A favored MG trivia question is to name a seven letter work with all five vowels in it. The answer is 1949 MG TC in the Sequoia Cream Livery like this one here, on its way back to Virginia soon after a 25 year sojurn in New England. The current property of a retired member of the teaching faculty of Harvard University, it’s headed to the greater Washington D.C. area. Butch is seen here giving it a final once-over before Mike Savage trailers it down there next week.
Tracing an engine failure back to its route cause is always an interesting investigation. The owner of a well presented MG TD MK II (TDC is the proper nomenclature, I believe) contacted us after the engine seized while his wife was driving the car, the failure believed to have been caused by inattention to the oil pressure gauge, what a pity with a relatively low number of hours on it after a rebuild by a well known “T” series specialist in Redding, Connecticut. As you’ll notice, the number one connecting rod bearing and crank journal are pretty well wiped out. The others didn’t fare well, either.
But sometimes things are not the way they seem, and this the mains exonerate the lady. This is great stuff because the main bearings are in fine shape with no evidence of impaired lubrication due to lack of oil. What we have is a fundamental mistake on the part of the installer, failure to ensure the crankshaft was properly cleaned before installation. During the teardown we noticed that while the crankshaft was marked .010″/.010″ indicating main & rod journal size, the less badly damaged con-rod bearings were marked, and in fact measured up, as standard, evidence of a welded-up crankshaft which was not adequately cleaned after repairing.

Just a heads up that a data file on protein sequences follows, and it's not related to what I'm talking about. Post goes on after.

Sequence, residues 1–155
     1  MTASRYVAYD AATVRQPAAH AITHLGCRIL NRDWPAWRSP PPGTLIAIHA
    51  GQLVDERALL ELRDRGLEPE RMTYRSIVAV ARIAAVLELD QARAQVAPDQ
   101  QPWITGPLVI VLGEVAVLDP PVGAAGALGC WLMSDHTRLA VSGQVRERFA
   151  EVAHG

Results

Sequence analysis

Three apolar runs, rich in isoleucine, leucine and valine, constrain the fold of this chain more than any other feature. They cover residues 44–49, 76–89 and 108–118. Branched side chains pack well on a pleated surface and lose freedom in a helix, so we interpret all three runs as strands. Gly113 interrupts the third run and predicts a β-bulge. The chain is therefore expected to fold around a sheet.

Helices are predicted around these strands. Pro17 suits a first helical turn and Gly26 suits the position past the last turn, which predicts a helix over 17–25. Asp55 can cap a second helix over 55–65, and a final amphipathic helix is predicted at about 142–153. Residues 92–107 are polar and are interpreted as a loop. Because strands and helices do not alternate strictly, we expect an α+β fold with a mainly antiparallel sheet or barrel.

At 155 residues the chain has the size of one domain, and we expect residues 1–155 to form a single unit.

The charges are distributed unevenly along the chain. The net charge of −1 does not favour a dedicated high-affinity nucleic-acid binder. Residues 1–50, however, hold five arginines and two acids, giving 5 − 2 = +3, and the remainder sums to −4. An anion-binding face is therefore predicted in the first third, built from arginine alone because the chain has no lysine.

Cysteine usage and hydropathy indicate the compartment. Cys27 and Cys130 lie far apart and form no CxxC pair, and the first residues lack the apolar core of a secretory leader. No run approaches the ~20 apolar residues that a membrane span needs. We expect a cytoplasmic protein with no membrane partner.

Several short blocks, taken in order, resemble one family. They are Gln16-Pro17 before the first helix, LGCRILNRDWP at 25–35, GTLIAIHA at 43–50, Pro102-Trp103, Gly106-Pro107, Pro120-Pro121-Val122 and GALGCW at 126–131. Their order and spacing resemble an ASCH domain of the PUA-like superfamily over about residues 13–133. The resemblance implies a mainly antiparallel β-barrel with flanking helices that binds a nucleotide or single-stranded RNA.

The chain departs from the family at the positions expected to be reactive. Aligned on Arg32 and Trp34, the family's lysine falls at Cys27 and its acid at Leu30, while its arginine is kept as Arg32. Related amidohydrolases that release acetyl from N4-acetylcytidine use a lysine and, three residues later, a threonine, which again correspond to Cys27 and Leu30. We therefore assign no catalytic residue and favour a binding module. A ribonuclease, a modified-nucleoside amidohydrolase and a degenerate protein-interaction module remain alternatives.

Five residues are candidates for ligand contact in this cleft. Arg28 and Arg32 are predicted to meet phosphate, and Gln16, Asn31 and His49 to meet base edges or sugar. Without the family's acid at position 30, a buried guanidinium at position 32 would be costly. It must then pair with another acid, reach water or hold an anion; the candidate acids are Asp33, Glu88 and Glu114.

The damage appears to have been fairly catastrophic to the rod journals, but it’s not the first time we’ve seen it, as a similar failure occurred on the Sequioa Cream TC when we replaced the crankshaft with a new one a number of years ago. At that time replacement VP 252 rod bearings were still available in Vandervell VP2 trimetal material, and they were a good deal more durable. The standard bearing of the day was a white metal VP 383, which was a good engine bearing in a time when one of the tasks of engine bearings was to safely embed small pieces of debris that could damage a crankshaft journal. When a similar post-installation washout occurred with the yellow TC the engine also ground to a halt (no pun intended) because there was no imbedability with VP 2. Unlike this one, however, the crank journals were nitrided and what looked awful polished right off, and a new set of VP 252s installed with no change in operating clearance. Rest assured we never repeated that mistake.